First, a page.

Reference : Administrative Law and Policy of the European Union
Books : Book published as author, translator, etc.
Law, criminology & political science : European & international law
Law / European Law
Administrative Law and Policy of the European Union
Hofmann, Herwig mailto [University of Luxembourg > Faculty of Law, Economics and Finance (FDEF) > Law Research Unit >]
Rowe, Gerard []
Türk, Alexander [Kings College London > Dickson Poon School of Law]
In press
2nd edition
Oxford University Pressq
[en] EU Law ; EU Administration ; Delegation
[en] The European Union is a union under the rule of law and accordingly all exercise of public authority needs to conform with the principle of legality. The legal framework of the EU is, however, as much as that of any state or international organization, subject to change over time. That part of this legal framework specifically governing EU administration has been particularly dynamic. The central reason for this dynamism is to be found in the evolving nature of European integration, and in the changing requirements and conditions for implementing EU policies. The legal framework of administration has been both the subject of, and a response to, change in the ambient political and institutional environment. The EU, having started as an organization of six Member States focused on economic integration, has evolved into a Union of twenty-seven Member States now touching almost all elements of the exercise of public power in a modern society. The evolutionary development of the constitutional basis of EU law, with its many phases of Treaty reforms and change induced by case-law, finds its parallel in EU administrative law. European administrative law has in this process grown, changed, and indeed matured over time, and has emerged as an important, yet sometimes not well understood, factor which materially shapes policy in the EU and its achievement in reality.
The rise of the importance of EU administrative law is itself attributable both to the specificities of European integration and to the general increase in the importance of administrative regulation in the past decades. On the one hand, the protection of the society against risks associated with private activity such as banking, food production, energy production and distribution, transport, or activities threatening to the environment, to name just a few, and the achievement of a balance between their benefits and dangers have become increasingly important subjects of attention. On the other hand, the provision of services and infrastructure necessary to ensure and protect basic standards of living such as pensions, health care, access to water, energy supply and telecommunications services have been the subject of mixed regimes, often still having a strong public service element, but increasingly left to private provision subject to various levels of market regulation. Both kinds of motivation for regulatory measures and their implementation by appropriate authorities have added to, and substantially changed, the broad character of public administration in Europe in recent decades. Such changes have occurred not just on a national, that is, Member State level, but also, pre-eminently, on the level of the European Community and now Union. Indeed, many of the changes have themselves been triggered on the European level as integral or at least adjuvant elements of the establishment of the European internal market. The role, then, of administrative law and administrative activity on the European level is extensive and important.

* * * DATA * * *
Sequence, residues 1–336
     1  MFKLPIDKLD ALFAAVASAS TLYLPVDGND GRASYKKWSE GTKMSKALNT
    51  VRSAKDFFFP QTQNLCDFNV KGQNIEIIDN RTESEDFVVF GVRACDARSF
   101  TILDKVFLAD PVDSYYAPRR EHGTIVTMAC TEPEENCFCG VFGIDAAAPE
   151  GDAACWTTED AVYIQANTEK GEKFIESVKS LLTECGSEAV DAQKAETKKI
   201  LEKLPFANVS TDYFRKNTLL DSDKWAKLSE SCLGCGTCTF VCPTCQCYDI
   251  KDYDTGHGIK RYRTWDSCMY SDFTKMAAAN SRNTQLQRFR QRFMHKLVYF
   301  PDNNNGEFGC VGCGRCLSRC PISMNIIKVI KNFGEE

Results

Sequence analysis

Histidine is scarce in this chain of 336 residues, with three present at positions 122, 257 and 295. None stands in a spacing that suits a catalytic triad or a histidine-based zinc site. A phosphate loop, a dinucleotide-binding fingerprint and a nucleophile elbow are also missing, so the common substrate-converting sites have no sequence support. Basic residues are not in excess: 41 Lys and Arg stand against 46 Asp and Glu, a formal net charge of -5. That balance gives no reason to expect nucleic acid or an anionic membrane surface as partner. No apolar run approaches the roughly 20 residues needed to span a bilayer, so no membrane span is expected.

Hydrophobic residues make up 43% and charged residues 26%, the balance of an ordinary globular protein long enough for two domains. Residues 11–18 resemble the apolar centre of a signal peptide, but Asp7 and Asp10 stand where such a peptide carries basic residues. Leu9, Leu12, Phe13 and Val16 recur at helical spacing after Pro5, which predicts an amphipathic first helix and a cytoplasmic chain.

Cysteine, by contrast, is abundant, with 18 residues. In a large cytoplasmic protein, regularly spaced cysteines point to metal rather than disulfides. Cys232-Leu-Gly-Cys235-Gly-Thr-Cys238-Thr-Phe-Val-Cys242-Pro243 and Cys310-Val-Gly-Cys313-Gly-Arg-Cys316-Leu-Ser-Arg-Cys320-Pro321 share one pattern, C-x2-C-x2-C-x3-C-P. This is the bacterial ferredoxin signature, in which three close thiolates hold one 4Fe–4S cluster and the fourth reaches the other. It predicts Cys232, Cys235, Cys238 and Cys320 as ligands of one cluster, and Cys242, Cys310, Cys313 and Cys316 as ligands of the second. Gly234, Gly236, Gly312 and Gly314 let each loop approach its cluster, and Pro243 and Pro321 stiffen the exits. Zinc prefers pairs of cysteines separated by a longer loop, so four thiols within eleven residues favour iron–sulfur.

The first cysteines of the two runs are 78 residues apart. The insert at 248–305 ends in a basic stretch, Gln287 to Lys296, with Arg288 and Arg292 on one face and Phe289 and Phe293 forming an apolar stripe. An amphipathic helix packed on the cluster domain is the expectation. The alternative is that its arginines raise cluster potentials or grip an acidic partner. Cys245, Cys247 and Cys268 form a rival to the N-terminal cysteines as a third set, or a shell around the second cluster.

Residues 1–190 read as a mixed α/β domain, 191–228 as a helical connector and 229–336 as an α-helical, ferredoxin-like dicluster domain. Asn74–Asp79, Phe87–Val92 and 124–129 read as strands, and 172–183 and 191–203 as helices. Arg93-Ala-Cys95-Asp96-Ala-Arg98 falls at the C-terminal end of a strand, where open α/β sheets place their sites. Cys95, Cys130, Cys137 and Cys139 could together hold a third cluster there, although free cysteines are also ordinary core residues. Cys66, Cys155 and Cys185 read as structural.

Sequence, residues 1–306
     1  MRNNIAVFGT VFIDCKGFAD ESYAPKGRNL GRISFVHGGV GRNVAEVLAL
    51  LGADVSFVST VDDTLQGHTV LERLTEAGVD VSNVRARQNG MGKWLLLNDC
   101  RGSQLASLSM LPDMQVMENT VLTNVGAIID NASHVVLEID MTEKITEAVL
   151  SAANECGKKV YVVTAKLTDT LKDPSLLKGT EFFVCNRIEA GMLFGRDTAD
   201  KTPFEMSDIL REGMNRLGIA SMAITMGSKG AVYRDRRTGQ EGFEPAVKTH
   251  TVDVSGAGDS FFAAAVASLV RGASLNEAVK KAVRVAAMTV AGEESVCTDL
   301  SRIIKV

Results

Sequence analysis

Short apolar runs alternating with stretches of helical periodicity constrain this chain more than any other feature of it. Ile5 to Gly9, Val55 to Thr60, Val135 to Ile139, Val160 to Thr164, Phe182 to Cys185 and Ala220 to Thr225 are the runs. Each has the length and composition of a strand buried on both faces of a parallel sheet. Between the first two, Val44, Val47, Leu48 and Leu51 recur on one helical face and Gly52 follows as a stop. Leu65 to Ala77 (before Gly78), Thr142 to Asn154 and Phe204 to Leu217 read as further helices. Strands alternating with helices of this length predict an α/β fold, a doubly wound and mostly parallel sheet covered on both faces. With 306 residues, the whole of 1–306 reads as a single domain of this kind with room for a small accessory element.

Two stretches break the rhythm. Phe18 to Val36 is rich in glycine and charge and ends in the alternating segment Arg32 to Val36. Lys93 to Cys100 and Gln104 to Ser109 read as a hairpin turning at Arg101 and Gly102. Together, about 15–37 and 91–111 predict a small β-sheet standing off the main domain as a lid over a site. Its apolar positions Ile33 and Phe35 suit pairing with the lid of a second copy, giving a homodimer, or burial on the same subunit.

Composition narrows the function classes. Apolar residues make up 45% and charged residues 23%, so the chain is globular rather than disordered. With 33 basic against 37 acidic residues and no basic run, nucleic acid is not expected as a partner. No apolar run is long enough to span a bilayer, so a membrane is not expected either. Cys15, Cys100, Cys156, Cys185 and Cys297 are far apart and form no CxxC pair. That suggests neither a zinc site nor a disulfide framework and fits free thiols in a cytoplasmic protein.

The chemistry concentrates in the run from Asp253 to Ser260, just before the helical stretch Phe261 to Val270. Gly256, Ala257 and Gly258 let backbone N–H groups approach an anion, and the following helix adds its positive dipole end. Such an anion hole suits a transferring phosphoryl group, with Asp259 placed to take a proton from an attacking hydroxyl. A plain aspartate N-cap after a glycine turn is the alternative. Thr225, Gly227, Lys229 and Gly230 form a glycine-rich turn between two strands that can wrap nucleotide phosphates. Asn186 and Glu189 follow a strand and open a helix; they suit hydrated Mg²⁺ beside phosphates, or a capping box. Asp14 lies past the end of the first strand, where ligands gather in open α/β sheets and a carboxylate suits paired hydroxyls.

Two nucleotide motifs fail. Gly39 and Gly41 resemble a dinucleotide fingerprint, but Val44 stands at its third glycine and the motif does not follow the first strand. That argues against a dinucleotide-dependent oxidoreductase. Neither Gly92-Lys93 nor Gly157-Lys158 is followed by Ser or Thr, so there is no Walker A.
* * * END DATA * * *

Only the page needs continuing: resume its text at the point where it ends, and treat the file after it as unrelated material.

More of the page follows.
Rules and principles governing the exercise of administrative functions, the organization of the institutions and bodies exercising these functions, and applicable procedures are the essence of EU administrative law. These are the subject of this book. There are, it must be observed, many perspectives from which one can view, analyse and comprehend both administration and administrative law. Three models or perspectives appear to us to be particularly helpful: administration and administrative law may be usefully considered from functional, organizational, and procedural standpoints. The functional aspect of administration refers to the totality of the tasks of administration, no matter who undertakes them and how they are carried out. The organizational perspective emphasises the organization and structure of the institutions, bodies, and actors engaged in undertaking such tasks. Finally, a procedural understanding of administration observes the processes which link the various actors and authorities in the performance of administrative functions. None of these models standing alone provides a fully rounded understanding or conceptualisation of the subject matter of the book. A proper analysis of EU administrative law cannot view it from only one of these perspectives. Taken together, however, these three standpoints do offer a comprehensive perception, giving the subject a more multi-dimensional shape, and thus allowing a more tractable presentation of what is very complex material. For this reason, we offer a discussion of each of these three perspectives — the functional, organizational, and procedural aspects of European Union administration and the associated legal framework — by way of introduction. The three models are, of course, closely interlinked and in reality scarcely separable but, for analytical and presentational clarity, they are here addressed separately.

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